Synopses & Reviews
What would you do if you could see the future? This is the question at the heart of The World Jones Made, one of Philip K. Dick's great underrated works. Floyd Jones has always been able to see exactly one year into the future, starting one year before he was born. In the wasteland of a post-nuclear-war America, he makes his living telling fortunes at a traveling carnival, but he has bigger plans. Indeed, in a world where Relativism is the rule of the day, Jones may be the only person who can make civilization see things in terms of black and white. And if he needs to involve gelatinous aliens, hermaphrodite sex workers, and unstable government hitmen to do so, then that's just what he'll do.
What if you could see into the future? Award-winning author Philip K. Dick examines precognition in this influential novel.
Precognition; a world ruled by Relativism; giant alien jellyfish. The World Jones Made is a classic Philip K. Dick mash-up, taking deep philosophical musings and infusing them with wild action. Floyd Jones has always been able to see exactly one year into his future, a gift and curse that began one year before he was even born. As a fortune-teller at a post-apocalyptic carnival, Jones is a powerful force, and may just be able to force society away from its paralyzing Relativism. If, that is, he can avoid the radioactively unstable government hitman on his tail.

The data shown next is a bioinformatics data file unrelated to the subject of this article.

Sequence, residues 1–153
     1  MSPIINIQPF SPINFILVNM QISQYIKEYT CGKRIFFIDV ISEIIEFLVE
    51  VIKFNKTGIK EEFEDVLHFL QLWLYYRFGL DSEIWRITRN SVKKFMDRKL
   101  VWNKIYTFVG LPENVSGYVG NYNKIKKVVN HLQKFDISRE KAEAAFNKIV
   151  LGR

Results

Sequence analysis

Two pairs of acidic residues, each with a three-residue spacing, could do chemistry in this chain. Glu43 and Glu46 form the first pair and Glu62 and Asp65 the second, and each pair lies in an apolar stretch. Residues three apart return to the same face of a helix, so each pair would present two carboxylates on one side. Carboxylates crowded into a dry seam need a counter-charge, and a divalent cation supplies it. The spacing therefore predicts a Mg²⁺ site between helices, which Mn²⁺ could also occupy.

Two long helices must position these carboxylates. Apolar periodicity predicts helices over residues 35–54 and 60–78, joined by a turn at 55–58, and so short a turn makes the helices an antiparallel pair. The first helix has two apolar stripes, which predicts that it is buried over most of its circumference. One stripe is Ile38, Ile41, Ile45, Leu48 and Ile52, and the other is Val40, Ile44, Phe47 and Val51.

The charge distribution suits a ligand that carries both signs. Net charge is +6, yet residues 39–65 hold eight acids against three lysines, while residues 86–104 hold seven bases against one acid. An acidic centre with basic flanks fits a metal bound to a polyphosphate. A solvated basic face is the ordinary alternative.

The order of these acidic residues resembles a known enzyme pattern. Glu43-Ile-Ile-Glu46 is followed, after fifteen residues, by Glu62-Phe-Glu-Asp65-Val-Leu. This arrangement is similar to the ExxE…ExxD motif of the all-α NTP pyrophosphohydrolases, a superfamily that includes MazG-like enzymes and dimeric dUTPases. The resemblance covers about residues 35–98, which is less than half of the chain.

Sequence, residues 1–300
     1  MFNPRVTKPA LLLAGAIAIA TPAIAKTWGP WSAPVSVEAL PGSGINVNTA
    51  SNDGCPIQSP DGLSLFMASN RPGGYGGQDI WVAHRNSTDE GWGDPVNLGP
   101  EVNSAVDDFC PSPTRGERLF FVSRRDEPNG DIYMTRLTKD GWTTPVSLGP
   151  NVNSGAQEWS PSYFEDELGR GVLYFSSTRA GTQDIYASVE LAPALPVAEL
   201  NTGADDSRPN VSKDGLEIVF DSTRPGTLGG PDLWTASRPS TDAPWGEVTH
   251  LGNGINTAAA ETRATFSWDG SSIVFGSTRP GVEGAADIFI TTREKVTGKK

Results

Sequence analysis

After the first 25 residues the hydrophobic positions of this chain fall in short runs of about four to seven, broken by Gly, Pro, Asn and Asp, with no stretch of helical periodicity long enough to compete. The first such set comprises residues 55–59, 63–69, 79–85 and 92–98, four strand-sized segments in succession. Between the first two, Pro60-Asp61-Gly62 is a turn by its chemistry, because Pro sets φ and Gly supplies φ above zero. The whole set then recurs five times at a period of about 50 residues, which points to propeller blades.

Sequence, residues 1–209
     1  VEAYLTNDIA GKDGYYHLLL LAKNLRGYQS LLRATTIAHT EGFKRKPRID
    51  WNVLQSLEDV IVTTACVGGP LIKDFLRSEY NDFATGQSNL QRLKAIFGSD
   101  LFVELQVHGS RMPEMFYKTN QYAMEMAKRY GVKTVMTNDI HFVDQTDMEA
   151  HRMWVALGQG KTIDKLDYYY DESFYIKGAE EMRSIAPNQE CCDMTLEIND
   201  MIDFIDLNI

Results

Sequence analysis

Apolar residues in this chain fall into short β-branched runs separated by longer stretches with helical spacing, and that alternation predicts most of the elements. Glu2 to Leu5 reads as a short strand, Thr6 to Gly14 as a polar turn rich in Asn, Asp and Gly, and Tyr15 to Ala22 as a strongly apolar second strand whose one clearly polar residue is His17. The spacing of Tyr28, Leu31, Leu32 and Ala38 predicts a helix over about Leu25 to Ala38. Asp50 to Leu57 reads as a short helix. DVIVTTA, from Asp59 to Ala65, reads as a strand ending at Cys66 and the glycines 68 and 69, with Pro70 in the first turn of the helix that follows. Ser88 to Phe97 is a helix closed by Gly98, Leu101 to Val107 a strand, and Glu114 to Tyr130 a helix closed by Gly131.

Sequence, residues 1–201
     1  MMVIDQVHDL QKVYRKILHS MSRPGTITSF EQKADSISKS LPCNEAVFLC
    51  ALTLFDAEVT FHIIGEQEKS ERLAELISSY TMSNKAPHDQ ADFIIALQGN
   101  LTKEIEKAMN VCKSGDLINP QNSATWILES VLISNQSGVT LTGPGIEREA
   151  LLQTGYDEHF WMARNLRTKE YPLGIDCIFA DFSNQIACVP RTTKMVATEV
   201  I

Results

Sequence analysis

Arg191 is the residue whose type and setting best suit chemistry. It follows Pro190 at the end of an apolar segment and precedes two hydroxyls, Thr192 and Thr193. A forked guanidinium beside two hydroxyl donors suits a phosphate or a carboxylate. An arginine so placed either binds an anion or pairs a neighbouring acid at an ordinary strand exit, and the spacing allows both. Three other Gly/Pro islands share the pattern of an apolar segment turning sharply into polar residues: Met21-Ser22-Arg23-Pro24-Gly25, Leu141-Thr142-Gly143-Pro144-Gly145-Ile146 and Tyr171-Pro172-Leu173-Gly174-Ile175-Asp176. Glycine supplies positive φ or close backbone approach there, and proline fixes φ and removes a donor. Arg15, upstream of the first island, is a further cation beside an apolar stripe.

About the Author
Over a writing career that spanned three decades, Philip K. Dick (1928-1982) published 36 science fiction novels and 121 short stories in which he explored the essence of what makes man human and the dangers of centralized power. Toward the end of his life, his work turned toward deeply personal, metaphysical questions concerning the nature of God. Eleven novels and short stories have been adapted to film; notably: Blade Runner (based on Do Androids Dream of Electric Sheep?), Total Recall, Minority Report, and A Scanner Darkly. The recipient of critical acclaim and numerous awards throughout his career, Dick was inducted into the Science Fiction Hall of Fame in 2005, and in 2007 the Library of America published a selection of his novels in three volumes. His work has been translated into more than twenty-five languages.